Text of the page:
Journal Article

Operationalizing Ocean Health: Toward Integrated Research on Ocean Health and Recovery to Achieve Ocean Sustainability


  • Franke
  • A.
  • Blenckner
  • T.
  • Duarte
  • C.M.
  • Ott
  • K.
  • Fleming
  • L.E.
  • Antia
  • A.
  • Reusch
  • T.B.
  • Bertram
  • C.
  • Hein
  • J.
  • Kronfeld-Goharani
  • U.
  • Dierking
  • J.
  • Kuhn
  • A.
  • Sato
  • C.
  • van Doorn
  • E.
  • Wall
  • M.
  • Schartau
  • M.
  • Karez
  • R.
  • Crowder
  • L.
  • Keller
  • D.
  • Engel
  • A.
  • Hentschel
  • U.
  • Prigge
  • E.
Publication Date

Protecting the ocean has become a major goal of international policy as human activities increasingly endanger the integrity of the ocean ecosystem, often summarized as “ocean health.” By and large, efforts to protect the ocean have failed because, among other things, (1) the underlying socio-ecological pathways have not been properly considered, and (2) the concept of ocean health has been ill defined. Collectively, this prevents an adequate societal response as to how ocean ecosystems and their vital functions for human societies can be protected and restored. We review the confusion surrounding the term “ocean health” and suggest an operational ocean-health framework in line with the concept of strong sustainability. Given the accelerating degeneration of marine ecosystems, the restoration of regional ocean health will be of increasing importance. Our advocated transdisciplinary and multi-actor framework can help to advance the implementation of more active measures to restore ocean health and safeguard human health and well-being.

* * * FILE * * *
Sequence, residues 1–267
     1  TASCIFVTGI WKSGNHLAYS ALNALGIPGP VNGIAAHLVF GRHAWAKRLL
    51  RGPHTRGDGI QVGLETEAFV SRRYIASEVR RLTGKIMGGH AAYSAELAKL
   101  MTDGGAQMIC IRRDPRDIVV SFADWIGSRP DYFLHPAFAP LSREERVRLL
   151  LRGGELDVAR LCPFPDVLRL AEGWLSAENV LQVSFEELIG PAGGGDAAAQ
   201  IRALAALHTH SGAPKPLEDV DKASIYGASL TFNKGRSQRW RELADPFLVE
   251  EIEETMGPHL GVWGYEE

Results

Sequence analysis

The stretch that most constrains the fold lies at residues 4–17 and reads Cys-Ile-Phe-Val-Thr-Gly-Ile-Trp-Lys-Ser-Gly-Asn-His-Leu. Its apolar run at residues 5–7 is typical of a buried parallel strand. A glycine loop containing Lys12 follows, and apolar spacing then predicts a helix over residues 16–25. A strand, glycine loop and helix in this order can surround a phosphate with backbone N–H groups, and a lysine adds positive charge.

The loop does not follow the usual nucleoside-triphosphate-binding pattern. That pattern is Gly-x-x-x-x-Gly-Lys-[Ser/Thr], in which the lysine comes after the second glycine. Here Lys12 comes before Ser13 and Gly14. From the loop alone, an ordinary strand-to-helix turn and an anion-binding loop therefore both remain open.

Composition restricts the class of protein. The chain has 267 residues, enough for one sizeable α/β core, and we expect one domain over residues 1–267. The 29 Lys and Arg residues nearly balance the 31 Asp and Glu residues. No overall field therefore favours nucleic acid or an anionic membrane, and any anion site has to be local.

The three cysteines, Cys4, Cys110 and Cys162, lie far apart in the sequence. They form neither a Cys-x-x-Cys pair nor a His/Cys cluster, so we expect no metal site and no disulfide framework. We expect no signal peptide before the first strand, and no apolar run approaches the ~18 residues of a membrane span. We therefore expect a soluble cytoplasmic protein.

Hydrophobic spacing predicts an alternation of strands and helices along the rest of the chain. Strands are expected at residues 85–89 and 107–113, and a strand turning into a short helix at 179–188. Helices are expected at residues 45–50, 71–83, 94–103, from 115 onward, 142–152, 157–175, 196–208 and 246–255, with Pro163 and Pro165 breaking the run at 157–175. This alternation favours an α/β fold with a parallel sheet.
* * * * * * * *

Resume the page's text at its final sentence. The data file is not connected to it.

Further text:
Key Words

  • marine ecosystems
  • ocean health
  • restoration